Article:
Bull's Blood Beet Seeds - (Beta vulgaris)

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Seed Count:
Approx 150 seeds per pack
Days to Maturity:
35 days for baby leaf tops; 55 days for edible roots.
Days to Germination:
5-10 days @ 55-80F
Plant Spacing:
Light Preference:
Full sun
Soil Requirements:
Sandy loam
Heirloom, Non-Hybrid, Non-GMO seeds
  • Sliced Bull's Blood Beet - (Beta vulgaris)
  • Fresh picked Bull's Blood Beet  - (Beta vulgaris)
  • Bull's Blood Beet leaves - (Beta vulgaris)
  • Bull's Blood Beet leaves - (Beta vulgaris)
  • Bull's Blood Heirloom Beet Seeds - (Beta vulgaris)

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Bull’s Blood Beet – Memorable Flavor and Color

Bull’s Blood beet is an exceptional dual-purpose heirloom with deeply flavorful, gorgeous leaves maturing from green to vibrant merlot-red. Freshly harvested young beets are tender with a rich, earthy, sweet flavor. When sliced, the slightly flattened, globe-shaped roots show off colorful circular striations of pink and magenta.

Bull’s Blood is often the winner of taste tests in both beet greens and the roots, with a flavor most often described as sweet and nutty with never a hint of a sharp or bitter aftertaste.

Even though it is considered to be a cool-season vegetable, its quality lasts all summer, and the color deepens as it grows, especially in cool conditions in fall or mild winters.


Bull’s Blood is as eye-catchingly ornamental as it is tasty. The deliciously sweet leaves are perfect for salads or can be used as baby greens at about 35 days. The leaves are broader than most beet varieties and have a particularly sweet taste when harvested young.

This gorgeous beet is a perennial favorite among beet lovers because it provides a consistently rich and sweet flavor from year to year.

Selected and refined by Dutch seedsman Kees Sahin from a selection of the ancient cylindrical French beet ‘Crapaudine’ for its deep, rich flavor, it was introduced in 1986 and was immediately a new favorite of American gardeners.

In Sweden, Bull’s Blood beets are the only variety that can be legally used to make red food coloring.


Beets are an ancient food for humans, most likely domesticated somewhere along the Mediterranean, possibly coastal Europe, in the second millennium BC. Today the wild beet, Beta vulgaris maritima is a common seaside plant in southern and western Europe. It arrived in Babylonia through trade in the 8th century BC and as far east as China by 850 AD.

The writings of Aristotle and Theophrastus suggest the beet was grown primarily for its beet greens, or leafy tops, for most of its history, though beet greens lost much of their popularity following the introduction of spinach around 850 AD.

The Romans liked both beet greens and the roots. To the Romans, beets were a food staple, and they introduced a white beet variety into Northern Europe, which the Celts grew. The first mention of a red beet was in the 13th century in northern Italy, and it wasn’t until the 17th century that the red beet became the main type in Europe.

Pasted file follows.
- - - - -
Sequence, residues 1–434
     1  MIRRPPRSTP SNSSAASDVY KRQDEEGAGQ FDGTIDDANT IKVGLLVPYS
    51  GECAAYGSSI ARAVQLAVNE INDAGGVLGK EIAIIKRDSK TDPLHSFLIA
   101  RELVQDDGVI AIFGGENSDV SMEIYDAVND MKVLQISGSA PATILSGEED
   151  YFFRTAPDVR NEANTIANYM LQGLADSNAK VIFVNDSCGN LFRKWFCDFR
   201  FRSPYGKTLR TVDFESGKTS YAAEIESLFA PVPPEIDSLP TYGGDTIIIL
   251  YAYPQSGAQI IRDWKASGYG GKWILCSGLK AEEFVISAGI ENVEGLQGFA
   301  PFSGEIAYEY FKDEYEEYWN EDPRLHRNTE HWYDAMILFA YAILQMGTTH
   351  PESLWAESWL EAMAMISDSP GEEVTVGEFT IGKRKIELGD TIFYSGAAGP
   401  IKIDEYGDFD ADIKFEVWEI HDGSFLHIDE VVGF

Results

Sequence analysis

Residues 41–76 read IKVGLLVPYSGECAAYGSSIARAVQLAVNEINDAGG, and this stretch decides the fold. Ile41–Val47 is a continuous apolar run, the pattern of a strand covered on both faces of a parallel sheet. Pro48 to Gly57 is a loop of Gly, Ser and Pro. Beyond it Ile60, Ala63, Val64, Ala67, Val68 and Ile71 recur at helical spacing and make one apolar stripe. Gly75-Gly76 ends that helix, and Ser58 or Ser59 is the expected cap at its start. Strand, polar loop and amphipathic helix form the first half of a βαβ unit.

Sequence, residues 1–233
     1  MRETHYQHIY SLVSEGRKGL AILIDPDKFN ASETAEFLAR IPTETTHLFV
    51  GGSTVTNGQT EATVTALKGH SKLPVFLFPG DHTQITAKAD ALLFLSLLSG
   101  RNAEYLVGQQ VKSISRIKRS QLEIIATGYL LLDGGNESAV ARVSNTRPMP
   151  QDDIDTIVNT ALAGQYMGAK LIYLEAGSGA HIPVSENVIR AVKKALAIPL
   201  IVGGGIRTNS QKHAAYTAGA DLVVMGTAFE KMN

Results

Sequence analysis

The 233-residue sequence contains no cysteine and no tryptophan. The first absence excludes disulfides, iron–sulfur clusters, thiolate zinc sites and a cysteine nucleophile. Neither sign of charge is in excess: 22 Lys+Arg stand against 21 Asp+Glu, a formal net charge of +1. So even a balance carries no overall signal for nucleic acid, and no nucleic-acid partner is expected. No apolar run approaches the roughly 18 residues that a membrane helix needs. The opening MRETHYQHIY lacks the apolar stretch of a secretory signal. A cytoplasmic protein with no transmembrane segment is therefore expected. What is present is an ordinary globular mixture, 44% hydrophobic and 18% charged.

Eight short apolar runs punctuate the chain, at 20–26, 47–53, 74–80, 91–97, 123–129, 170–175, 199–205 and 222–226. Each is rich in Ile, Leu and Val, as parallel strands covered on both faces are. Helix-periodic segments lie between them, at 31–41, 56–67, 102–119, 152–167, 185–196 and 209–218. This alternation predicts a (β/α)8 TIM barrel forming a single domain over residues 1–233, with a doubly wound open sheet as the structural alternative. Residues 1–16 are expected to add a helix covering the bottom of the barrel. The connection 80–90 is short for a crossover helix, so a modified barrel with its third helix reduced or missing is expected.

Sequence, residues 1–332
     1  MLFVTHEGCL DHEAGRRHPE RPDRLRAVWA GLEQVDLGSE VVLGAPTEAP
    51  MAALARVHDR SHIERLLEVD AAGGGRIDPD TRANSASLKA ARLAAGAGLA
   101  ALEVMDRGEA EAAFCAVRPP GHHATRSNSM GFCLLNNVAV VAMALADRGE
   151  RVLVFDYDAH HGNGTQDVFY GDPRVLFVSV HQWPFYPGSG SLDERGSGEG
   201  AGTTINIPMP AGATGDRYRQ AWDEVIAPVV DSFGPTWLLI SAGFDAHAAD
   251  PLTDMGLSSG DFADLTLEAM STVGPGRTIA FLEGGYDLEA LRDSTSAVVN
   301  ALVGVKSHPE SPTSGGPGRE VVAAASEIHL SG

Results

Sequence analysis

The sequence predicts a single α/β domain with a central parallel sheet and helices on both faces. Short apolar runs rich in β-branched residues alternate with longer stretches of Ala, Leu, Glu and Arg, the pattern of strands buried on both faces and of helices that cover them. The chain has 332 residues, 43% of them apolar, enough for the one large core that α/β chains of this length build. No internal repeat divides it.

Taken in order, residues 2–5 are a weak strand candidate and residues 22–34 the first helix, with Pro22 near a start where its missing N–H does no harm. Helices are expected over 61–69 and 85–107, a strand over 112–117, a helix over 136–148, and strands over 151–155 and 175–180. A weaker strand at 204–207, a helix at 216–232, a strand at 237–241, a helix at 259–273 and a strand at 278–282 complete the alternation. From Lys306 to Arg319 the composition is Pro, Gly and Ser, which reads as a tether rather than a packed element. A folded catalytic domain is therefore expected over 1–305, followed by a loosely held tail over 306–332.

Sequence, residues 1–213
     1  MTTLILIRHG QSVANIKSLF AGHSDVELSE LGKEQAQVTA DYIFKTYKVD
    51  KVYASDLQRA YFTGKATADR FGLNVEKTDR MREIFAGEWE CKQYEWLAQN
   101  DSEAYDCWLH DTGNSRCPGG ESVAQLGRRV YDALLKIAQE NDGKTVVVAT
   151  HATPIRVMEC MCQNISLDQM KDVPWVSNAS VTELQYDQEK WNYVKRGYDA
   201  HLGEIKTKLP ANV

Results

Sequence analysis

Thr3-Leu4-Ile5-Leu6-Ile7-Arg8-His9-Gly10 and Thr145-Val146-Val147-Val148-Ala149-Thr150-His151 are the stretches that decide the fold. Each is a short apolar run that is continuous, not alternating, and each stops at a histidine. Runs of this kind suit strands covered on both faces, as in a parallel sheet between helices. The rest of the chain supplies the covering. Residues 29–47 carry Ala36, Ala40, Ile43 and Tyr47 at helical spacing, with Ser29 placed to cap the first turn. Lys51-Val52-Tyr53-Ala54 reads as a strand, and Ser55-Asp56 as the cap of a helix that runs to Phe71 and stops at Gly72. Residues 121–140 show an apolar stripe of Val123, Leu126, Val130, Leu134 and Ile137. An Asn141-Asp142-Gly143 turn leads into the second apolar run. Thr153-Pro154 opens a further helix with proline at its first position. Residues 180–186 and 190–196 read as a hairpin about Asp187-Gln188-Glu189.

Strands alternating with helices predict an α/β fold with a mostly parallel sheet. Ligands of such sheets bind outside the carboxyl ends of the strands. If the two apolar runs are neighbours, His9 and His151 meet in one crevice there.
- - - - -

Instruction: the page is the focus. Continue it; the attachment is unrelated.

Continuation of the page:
Young, tender Bull’s Blood beets are hearty and delicious whether they are grated raw in salads, steamed and chilled, or roasted. Beet tops, or greens, are perfect additions to salads.

For a special taste treat, roast whole beets on a covered BBQ grill over medium heat until fork-tender. This smokes and cooks them slowly, deepening their flavors and caramelizing the sugars. Once chilled, serve them thinly sliced on a cracker with crumbled goat cheese and a drop of raspberry vinaigrette. Truly delicious and memorable!

Beets pair well with a wide variety of ingredients, spices, and other vegetables including cheese, bacon, prosciutto, shallots, eggs, dill, paprika, smoked fish, walnuts, garlic, chives, citrus, hazelnut, pistachio oil, and vinegar.

They are also delicious when pickled, offering an incredible flavor profile while also extending the beets’ shelf-life. One of our clearest memories of pickled beets was a Polish beet recipe that was slow-smoked for a full 24 hours, then pickled in crocks and buried in the ground for 6 months. They were served cold, and each flavor slowly unfolded on the tongue and in the mouth, building on each other.

Planting Tip

Direct-sow Beet seeds as soon as the soil can be worked in the spring when the soil has warmed to about 50°F and through the summer for successive crops.

Harvest Tip

While the beets are growing you can pick up to a third of the leaves and use them fresh or cooked. When the roots are 2-3” in diameter, start harvesting them. Pull or dig them up, and cut off the stems to prevent dehydration from starting.

Companion Planting

Beets add minerals to the soil. Plant along bush beans, Brassicas, corn, garlic, kohlrabi, leeks, lettuce, and mint. Avoid planting beets near pole beans, as the nitrogen fixed by the beans may encourage leafy beet growth and diminished root development.

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1 Review

  • 4
    Did very well in our garden

    Posted by VA on Jul 09, 2017

    The Master Gardeners at the historic Francis Land House Heirloom Vegetable Garden in Virginia Beach, Virginia are providing feedback on the donated seeds. Our garden consists of 35 raised beds, each four feet by twenty feet. The garden receives full sun all day and is fertilized with a combination of compost and commercial organic fertilizer. Beets in general do very well in our garden, both in the spring and again in the fall. This variety is no exception, producing a good quality root. We alternated rows of Bulls Blood with Chioggia and got a nice contrast between the dark red leaf of Bulls Blood and paler, lighter green leaf of Chioggia.

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